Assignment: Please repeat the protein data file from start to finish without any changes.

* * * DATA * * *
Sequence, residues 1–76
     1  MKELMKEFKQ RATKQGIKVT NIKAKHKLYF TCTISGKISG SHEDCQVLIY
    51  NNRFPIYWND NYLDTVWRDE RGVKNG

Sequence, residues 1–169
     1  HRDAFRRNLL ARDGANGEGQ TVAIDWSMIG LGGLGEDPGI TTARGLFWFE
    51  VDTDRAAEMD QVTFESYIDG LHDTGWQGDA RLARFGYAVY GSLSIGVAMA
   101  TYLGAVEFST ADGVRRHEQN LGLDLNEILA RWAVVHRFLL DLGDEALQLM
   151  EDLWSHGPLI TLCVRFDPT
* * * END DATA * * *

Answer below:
Sequence, residues 1–76
     1  MKELMKEFKQ RATKQGIKVT NIKAKHKLYF TCTISGKISG SHEDCQVLIY
    51  NNRFPIYWND NYLDTVWRDE RGVKNG

Sequence, residues 1–169
     1  HRDAFRRNLL ARDGANGEGQ TVAIDWSMIG LGGLGEDPGI TTARGLFWFE
    51  VDTDRAAEMD QVTFESYIDG LHDTGWQGDA RLARFGYAVY GSLSIGVAMA
   101  TYLGAVEFST ADGVRRHEQN LGLDLNEILA RWAVVHRFLL DLGDEALQLM
   151  EDLWSHGPLI TLCVRFDPT